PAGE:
Today, MoveInSync also operates a platform called SyncToWork that helps companies in the IT/BPO space with employee routing solutions, helping them save on transportation costs. It counts some of the largest brands in the IT space as its clients. According to Tanuku, it is for such help with strategy that entrepreneurs turn to EDI. The faculty and advisors, who’re a part of the program serve as a sounding board and help formulate strategy. As a policy, Tanuku doesn’t introduce entrepreneurs to investors at the founding stage. “Once you have money, you can always formulate a justifiable plan to spend that money,” he says. Instead, he prefers if organisations can bootstrap in the early years, learn to acquire customers and bring in revenues, and then raise money to scale up.
Tanuku is very clear on one account. He says, “Entrepreneurship can only be taught up to a point. We can certainly teach people to think in a structured fashion and teach them the fundamentals of a business.” Additionally, he suggests that, through anecdotes and stories, a few other aspects like perseverance, taking calculated risks or even seeking different mentors for different situations can be taught. “We can probably teach the entrepreneur the value of responsible entrepreneurship.” But Tanuku is convinced that eventually it’s a game that has to be played on the field. Entrepreneurship curriculum can certainly provide the tools to learn, but there is a limit to what can be taught in a classroom.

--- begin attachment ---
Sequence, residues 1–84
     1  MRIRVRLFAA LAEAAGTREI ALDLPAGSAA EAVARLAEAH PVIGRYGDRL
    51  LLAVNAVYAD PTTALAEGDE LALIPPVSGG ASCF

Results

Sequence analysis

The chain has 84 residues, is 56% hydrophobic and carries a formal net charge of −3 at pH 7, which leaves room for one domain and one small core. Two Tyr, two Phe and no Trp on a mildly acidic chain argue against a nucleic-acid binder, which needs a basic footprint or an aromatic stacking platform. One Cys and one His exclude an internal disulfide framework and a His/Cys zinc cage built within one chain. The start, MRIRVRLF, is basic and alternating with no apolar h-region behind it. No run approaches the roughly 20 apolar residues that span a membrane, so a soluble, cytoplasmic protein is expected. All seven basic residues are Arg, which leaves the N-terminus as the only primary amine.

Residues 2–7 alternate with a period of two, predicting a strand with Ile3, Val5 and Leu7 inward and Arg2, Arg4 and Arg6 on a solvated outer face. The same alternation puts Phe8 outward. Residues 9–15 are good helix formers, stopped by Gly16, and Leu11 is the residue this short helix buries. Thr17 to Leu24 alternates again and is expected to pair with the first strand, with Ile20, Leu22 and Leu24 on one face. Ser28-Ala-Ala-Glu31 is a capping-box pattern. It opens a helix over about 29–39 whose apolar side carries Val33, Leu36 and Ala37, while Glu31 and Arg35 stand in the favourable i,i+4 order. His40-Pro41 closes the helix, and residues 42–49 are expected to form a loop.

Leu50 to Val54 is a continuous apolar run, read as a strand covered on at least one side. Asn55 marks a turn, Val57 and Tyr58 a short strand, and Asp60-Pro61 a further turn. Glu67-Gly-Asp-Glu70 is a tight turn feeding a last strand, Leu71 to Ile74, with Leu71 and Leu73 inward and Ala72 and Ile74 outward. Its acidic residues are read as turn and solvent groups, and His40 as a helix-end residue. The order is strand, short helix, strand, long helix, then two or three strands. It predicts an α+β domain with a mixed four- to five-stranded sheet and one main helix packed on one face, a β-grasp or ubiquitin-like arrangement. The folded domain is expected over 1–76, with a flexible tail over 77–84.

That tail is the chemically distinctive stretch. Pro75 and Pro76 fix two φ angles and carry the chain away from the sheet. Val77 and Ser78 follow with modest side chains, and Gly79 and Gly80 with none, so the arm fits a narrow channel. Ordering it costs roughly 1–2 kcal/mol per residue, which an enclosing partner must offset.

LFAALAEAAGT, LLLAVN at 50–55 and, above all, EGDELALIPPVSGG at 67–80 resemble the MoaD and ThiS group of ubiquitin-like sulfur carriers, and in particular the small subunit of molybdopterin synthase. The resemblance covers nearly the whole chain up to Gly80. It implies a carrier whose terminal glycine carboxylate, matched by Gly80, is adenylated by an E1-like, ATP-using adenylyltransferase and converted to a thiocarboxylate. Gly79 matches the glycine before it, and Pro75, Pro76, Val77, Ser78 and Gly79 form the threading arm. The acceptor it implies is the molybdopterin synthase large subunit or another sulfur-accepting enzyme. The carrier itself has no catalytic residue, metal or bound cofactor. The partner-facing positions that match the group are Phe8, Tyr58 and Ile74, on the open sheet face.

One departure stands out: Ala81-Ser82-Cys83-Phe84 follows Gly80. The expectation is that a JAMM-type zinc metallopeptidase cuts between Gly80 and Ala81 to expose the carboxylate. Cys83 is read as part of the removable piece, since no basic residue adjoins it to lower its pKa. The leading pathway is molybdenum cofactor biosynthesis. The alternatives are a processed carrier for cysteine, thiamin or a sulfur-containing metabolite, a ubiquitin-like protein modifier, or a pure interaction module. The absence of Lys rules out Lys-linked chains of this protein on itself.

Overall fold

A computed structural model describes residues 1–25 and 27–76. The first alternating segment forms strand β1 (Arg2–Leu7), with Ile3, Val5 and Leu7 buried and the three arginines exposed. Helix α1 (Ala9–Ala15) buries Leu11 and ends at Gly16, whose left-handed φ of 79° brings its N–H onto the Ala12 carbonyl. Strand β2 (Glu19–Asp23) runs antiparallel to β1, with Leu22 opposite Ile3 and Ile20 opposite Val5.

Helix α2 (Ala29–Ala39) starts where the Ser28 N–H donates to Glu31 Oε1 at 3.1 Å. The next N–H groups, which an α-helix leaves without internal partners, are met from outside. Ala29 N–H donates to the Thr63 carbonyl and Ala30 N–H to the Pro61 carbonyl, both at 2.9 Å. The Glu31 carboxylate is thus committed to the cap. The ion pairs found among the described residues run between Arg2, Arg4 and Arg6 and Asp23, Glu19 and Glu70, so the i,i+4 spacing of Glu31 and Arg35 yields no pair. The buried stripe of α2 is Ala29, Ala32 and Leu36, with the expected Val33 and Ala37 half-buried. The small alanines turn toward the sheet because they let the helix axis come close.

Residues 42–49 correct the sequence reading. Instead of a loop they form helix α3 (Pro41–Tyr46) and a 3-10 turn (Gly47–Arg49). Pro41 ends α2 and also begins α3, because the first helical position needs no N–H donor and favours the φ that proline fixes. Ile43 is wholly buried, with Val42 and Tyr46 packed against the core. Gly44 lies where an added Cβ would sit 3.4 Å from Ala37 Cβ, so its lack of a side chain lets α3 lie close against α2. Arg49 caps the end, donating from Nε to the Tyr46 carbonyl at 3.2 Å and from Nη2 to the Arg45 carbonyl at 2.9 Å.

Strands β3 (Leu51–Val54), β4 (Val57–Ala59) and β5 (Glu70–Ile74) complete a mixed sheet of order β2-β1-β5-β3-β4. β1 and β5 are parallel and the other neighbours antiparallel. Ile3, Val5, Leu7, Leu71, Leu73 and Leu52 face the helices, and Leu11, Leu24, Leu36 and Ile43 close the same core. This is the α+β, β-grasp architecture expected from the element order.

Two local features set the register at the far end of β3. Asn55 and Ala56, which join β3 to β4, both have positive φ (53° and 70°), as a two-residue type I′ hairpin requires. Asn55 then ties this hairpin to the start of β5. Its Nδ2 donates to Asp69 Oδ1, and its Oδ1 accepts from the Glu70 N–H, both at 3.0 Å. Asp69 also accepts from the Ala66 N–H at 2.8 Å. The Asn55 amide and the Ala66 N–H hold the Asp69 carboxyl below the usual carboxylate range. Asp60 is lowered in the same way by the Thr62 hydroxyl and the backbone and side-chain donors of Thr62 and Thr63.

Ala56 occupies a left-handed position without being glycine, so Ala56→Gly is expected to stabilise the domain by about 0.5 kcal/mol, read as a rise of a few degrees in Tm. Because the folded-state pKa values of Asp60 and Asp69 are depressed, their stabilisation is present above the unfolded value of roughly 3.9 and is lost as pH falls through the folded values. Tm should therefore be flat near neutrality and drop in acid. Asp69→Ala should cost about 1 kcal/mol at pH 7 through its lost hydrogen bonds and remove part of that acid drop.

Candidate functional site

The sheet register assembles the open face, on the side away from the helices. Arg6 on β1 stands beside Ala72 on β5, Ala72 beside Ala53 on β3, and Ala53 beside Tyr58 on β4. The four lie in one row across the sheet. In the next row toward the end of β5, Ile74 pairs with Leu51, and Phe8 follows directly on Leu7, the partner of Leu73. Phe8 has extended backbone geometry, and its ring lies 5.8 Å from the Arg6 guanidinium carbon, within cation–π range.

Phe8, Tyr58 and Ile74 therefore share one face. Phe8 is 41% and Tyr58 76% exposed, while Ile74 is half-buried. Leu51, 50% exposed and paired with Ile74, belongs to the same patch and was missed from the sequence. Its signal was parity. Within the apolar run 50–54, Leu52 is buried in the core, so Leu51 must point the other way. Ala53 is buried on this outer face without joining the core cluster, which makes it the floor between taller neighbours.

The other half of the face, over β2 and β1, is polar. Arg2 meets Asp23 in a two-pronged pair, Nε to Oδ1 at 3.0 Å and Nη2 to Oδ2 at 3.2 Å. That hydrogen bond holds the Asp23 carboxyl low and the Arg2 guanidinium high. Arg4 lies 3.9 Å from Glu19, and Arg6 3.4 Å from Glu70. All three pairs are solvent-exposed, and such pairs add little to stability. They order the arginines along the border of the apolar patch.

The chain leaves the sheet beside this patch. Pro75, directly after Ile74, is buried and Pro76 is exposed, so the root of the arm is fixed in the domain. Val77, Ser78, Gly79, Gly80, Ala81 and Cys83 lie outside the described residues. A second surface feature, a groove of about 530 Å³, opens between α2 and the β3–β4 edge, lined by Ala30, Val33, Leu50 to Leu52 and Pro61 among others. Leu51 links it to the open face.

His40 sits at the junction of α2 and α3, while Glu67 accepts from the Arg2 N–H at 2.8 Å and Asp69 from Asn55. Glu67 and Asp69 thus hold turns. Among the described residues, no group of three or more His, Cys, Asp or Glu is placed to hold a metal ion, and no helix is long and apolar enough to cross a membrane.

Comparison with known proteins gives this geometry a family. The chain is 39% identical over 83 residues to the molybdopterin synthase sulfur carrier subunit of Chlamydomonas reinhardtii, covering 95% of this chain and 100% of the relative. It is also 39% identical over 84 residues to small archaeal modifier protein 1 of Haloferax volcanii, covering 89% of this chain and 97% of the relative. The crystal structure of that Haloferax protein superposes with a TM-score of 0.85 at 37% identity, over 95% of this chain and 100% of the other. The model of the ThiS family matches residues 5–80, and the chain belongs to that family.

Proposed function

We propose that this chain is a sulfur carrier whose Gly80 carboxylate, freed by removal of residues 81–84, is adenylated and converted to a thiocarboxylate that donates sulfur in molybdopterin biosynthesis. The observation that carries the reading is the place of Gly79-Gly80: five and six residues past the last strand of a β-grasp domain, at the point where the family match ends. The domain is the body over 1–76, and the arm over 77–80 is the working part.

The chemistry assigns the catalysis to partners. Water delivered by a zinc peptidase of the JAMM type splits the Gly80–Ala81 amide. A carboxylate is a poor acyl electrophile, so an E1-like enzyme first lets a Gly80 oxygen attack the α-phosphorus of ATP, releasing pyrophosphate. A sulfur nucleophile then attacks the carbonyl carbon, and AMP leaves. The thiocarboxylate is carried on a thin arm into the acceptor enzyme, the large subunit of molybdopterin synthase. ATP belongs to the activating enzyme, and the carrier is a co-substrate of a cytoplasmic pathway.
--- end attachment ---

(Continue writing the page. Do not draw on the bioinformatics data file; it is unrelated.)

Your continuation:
On a concluding note, Tanuku says, “To be successful, one has to be well-connected across the value chain. You cannot have just a great technology product; your commercial, manufacturing and marketing strategy needs to work as well. It finally does boil down to how one can build scale by building a collaborative system.”
SOME TOPICS TO ADD TO THE MBA CURRICULUM
How can you build a collaborative system that can scale 10 times faster than any individual organisation can?
How can I turn you into a responsible enterprise creator?
In addition to networking among your group, can you help at least one semi-urban and rural entrepreneur by sharing some of your knowledge and skills?